View Full Version : Vets Protest College's Flag Exhibit

09-14-03, 11:18 AM
Vets Protest College's Flag Exhibit

By Theresa Vargas

September 14, 2003

It's a single sentence, scribbled in a plain hardback book on a shelf next to a folded, yet soiled American flag, its white stripes gray from dusty footprints.

"The exhibit is legal but wrong and immoral," World War II veteran Pat Cassette wrote amid 14 pages of conflicting sentiments.

It was the adopted motto yesterday of the more than 50 war veterans who stood in the rain protesting an art exhibit that invites viewers to walk on the flag. "We have freedom of speech but only until it hurts someone," Vietnam veteran Larry Attenburg of Rockville Centre said. "This here is hurting."

Though Nassau Community College's Firehouse Art Galley didn't open its doors until noon, the veterans were lined up outside by 11 a.m.

"We're going to walk around to where the flag is, shoulder to shoulder," Marine veteran Patrick Yngstrom told the gathered men just minutes before the museum opened, adding that three people from the flag brigade would then pick it up and fold it properly. "If it happens again," he boomed, "we're going to refurl it."

"No violence," added Cassette. "None."

And none ensued as the men entered the room, barreling past 26 other flag exhibits partially shadowed, according to curator Lynn Casey, by the controversy stirred by artist Dread Scott's "What is the Proper Way to Display the U.S. Flag?" The flag, which is normally on the floor, sat folded yesterday in proper form on a shelf.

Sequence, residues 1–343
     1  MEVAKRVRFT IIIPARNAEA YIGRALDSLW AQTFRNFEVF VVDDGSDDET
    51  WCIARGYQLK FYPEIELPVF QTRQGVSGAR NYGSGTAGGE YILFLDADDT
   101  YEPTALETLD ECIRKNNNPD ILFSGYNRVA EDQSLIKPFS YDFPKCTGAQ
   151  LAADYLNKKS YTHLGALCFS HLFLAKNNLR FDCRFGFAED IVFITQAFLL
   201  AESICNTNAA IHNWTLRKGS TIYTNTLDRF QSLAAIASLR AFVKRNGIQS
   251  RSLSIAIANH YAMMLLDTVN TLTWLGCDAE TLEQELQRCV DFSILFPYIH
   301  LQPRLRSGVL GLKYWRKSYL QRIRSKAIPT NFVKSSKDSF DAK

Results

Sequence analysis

Joe Portela, the college's director of public safety and also a Korean war veteran, said he refolded it the night before. "I tried to prevent controversy," he said. "I'm a peaceful guy at heart."

One by one, in turn, each of the veterans signed the book, filling it with patriotic sentiments and scribbled outrage. "How dare you," one veteran wrote. "Where were you!"

"When you desecrate the symbol of our freedom, you in effect, deny what it stands for ... " wrote another.

They were sentiments echoed in the other pages, one person telling of an uncle lost on Sept. 11 and another saying that he didn't notice the flag until after he was standing on it: "I jumped off it as if it were hot coals."

Before the veterans added their words yesterday, the comments had been basically split, ranging from threats against Scott to praise of his vision. Many even saw it as an appropriate tribute.

" ... since I think this newfound form of patriotism is absurd since 911, leave it on the ground. See if anyone notices it," read comments signed in small bubbly writing.

"The flag is cloth," another wrote, "nothing more than a symbol that people take far too seriously ... Ah Hell, put it on a T-shirt. Then they don't mind. I'm moving to Canada."

Others, however, stood paralyzed in the conflict.

"I was disappointed the flag was folded and too intimidated to put it on the floor," one man wrote. "So who is free?"
Copyright 2003, Newsday, Inc.


Ex-Marine Patrick Yngstrom signs in at a controversial flag exhibit yesterday.
(Newsday/Dick Yarwood)




09-14-03, 02:51 PM
Good read! Why is it people have to disgrace and dishonor the American flag to show freedom, or prove freedom??